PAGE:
George Will has found himself in financial disclosure trouble several times in the past -- from failing to reveal his money connections to Wisconsin's conservative Bradley Foundation when citing their data to writing columns critical of former Republican presidential candidate Rick Perry's opponents without mentioning his wife worked for Perry's campaign.
So when he appeared at a VIP dinner to kick off last weekend's Americans for Prosperity (AFP) Defending the American Dream summit, Media Matters was interested in whether he was paid for the appearance by the influential conservative political group backed by the powerful Koch brothers, as well as who paid for his travel and expenses.
But despite repeated attempts by Media Matters to get answers from Will, AFP, his syndicator, and others, nobody is talking.
Because Will routinely promotes Koch-supported candidates and policies in his syndicated column, several journalism ethicists raised concerns about his connection to the right-wing political group and urged that questions about payments for his appearance be answered given Will's prominence in the conservative movement and his past failure to disclose.
“If Will does intend to write about Americans for Prosperity's agenda,” and wants to behave ethically “he should have purchased a ticket to the dinner equal to the value of the meal (thus leaving nothing extra for the AFP's later lobbying use),” said Tom Fiedler, Dean of the College of Communication at Boston University and a former Miami Herald editor and political editor. “Of course, accepting an honorarium -- a payoff -- to attend the dinner would elevate the need for him to fully disclose all this if/when he would address AFP interests in a column.”
But finding out if Will was paid, how much and by whom, is not that easy.
AFP Public Affairs Director Levi Russell said only: “He appeared and spoke with some of our supporters on Thursday night at a dinner, any of the speakers who come to our events, we don't discuss if they are paid or not.”
He later said, “You are free to ask him.” But calls and emails to Will were not returned.
Fred Hiatt, the Post's editorial page editor, said he did not know of Will's appearance fees, if any, and said he is not under the supervision of the editorial page since he is syndicated through the Washington Post Writers Group.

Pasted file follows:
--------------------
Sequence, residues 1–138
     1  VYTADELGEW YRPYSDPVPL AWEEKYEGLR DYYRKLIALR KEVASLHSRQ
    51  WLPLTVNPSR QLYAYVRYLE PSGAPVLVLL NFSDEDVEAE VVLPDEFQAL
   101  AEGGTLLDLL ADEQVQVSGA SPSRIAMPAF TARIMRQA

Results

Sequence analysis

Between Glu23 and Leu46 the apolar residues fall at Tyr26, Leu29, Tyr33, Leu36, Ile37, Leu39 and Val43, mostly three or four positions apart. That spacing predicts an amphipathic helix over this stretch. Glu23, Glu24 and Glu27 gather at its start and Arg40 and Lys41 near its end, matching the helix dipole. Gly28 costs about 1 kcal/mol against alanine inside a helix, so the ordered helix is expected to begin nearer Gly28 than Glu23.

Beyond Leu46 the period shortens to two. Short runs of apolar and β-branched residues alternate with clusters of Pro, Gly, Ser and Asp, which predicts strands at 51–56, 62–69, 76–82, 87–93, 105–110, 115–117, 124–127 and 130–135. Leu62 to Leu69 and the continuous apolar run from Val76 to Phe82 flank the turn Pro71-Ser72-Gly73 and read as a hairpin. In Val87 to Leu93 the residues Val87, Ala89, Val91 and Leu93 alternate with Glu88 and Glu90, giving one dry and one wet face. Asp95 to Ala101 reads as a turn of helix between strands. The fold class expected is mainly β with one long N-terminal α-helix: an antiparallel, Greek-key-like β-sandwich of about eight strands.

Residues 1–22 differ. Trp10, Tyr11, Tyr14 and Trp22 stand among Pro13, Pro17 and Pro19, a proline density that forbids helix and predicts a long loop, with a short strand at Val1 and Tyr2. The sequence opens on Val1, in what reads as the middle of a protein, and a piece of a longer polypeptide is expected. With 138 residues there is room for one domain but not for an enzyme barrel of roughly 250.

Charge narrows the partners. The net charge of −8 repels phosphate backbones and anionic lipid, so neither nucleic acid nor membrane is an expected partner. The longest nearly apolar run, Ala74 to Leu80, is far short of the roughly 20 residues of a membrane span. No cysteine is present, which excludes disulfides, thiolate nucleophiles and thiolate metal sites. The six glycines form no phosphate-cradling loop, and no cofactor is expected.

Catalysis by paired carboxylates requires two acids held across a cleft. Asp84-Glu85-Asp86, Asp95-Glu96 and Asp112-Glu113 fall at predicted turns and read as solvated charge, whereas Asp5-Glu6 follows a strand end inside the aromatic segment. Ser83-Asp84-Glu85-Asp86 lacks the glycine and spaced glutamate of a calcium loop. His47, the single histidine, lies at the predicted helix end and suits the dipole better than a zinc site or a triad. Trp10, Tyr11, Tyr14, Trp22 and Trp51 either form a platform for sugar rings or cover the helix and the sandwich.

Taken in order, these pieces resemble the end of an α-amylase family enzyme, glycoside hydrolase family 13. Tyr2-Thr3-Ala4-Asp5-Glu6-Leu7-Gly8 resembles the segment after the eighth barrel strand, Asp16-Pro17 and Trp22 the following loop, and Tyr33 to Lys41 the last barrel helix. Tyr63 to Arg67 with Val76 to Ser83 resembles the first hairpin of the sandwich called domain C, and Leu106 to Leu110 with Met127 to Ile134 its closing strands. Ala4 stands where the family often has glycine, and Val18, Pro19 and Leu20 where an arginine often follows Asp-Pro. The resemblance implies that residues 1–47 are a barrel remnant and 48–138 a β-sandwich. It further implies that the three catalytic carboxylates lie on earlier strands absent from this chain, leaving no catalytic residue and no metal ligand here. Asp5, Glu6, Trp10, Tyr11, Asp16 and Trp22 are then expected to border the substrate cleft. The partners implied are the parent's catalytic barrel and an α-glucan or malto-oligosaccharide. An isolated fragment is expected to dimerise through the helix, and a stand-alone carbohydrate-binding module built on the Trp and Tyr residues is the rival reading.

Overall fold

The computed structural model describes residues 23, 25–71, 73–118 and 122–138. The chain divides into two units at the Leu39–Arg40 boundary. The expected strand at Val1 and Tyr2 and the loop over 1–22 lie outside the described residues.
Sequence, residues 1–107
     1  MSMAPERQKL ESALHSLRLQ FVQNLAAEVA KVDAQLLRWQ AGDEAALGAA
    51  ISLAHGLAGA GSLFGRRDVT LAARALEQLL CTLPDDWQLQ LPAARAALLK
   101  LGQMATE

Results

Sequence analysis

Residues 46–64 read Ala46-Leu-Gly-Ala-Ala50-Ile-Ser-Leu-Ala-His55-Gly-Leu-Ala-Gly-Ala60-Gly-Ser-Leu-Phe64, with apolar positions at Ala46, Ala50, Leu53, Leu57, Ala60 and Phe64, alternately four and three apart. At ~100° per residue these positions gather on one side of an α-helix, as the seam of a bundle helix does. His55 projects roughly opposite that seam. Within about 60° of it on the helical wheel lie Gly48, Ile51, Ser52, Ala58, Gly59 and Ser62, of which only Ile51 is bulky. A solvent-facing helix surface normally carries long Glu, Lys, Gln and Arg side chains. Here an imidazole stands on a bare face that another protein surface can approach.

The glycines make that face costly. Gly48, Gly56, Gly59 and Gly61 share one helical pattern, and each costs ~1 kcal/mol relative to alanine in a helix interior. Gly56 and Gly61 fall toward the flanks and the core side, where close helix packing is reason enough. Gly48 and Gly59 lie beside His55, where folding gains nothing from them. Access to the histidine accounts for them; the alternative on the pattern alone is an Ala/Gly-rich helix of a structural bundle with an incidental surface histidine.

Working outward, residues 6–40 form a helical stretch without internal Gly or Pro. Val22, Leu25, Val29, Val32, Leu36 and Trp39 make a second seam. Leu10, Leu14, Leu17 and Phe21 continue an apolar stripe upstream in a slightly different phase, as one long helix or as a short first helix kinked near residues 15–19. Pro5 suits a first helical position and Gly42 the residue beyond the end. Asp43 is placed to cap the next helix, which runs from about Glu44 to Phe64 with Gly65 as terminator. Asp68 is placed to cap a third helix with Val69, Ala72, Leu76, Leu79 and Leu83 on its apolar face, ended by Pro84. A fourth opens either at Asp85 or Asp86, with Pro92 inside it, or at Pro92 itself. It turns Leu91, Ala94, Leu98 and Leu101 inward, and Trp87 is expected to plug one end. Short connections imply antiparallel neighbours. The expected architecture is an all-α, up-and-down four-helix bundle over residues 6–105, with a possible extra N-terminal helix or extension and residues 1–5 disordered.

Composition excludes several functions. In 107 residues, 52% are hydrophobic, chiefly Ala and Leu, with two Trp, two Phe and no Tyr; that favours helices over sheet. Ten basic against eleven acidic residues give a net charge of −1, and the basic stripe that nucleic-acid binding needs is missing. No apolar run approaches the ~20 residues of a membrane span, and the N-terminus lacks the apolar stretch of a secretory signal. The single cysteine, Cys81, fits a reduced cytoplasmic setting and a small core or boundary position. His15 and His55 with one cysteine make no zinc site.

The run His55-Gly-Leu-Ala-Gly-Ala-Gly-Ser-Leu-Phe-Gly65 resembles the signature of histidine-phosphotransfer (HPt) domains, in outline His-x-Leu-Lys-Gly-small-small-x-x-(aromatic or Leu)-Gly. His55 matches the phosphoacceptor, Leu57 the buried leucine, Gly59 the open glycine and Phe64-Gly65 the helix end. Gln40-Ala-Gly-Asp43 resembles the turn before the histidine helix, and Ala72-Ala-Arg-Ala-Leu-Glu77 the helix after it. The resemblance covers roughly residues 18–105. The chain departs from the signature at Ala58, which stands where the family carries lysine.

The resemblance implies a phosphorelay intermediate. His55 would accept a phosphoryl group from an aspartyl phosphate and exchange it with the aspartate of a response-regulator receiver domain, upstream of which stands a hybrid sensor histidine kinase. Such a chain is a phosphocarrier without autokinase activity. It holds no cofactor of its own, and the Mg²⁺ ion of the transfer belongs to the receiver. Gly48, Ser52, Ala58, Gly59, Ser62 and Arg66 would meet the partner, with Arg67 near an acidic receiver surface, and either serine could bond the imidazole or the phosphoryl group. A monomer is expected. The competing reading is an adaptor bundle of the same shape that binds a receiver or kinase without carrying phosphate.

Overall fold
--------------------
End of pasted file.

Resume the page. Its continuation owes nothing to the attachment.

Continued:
“With regard to George Will: he is not a 'staffer,' as you describe, and Washington Post staff rules do not apply to him,” Hiatt wrote in an email. “He is an independent columnist and we subscribe to his column through the Washington Post Writers Group. Questions about his dining or travel should be addressed to him. I have confidence that he will tell readers, as he does from time to time, when he has a conflict that is relevant to a column he is writing.”
The Washington Post Writers Group did not respond to an inquiry and no such information was provided by the Washington Speakers Bureau, with whom Will is contracted for outside appearances.
So does that mean that readers may never know if Will was paid by the AFP to attend the event, and if he needs to disclose such payments in the future when he writes about AFP, the Koch brothers, or their chosen candidates and policy prescriptions?
Journalism ethics experts say such unknowns are a concern.
“I think that matters,” Edward Wasserman, dean of the Graduate School of Journalism at the University of California, Berkeley, said about Will disclosing if he was paid. “We know that the guy is a kingmaker and has had off-screen dealings with Republican notables going back to Reagan and we know that that is part of the way he views his role as a thought leader. I understand it may lead into entanglements, but it seems to me that there is a certain transparency. I don't like the idea of him taking money on the side.”
Ken Auletta, media writer for The New Yorker, cited a piece he wrote in 1994 about journalists' speaking fees in which Will also declines to discuss his income from such events.
Auletta said the issue should be viewed the same as a politician who takes money from interested parties.
“One basic way to approach this logically is to say what if you are the editor of a newspaper?” Auletta said in an interview. “What if a politician, a member of the House of Representatives, went before the pharmaceutical industry and he or she is chair of or a member of the health care committee and went before the pharmaceutical industry and didn't disclose he was paid $20,000 for that appearance and didn't disclose that he was given campaign contributions from the pharmaceutical industry, what would you do? You'd put it on Page One. Why is it a double standard when it is a journalist that does that?”
Venise Wagner, San Francisco State University journalism professor, agreed.
“If this isn't a conflict of interest, the mere appearance of such a conflict should give any journalist pause,” she said via email. “But Will is a columnist and his conservative views are no secret. Nor are his connections with conservative causes and money. He could make the argument that people know he is a pundit with a strong point of view. But the problem I believe is the average audience member likely is not clear about what Will has to gain by supporting these conservative causes. Does he support these causes because he believes them to be true? Or does financial gain have something to do with it? Full disclosures of connections a pundit or journalist has with a source is paramount to developing credibility.”
Tim McGuire, Arizona State University journalism professor and former editor of The Star-Tribune in Minneapolis, said Will's behavior is “unsurprising in the extreme. He should certainly disclose in future columns but in truth the expectations for Will's independence and transparency are low.”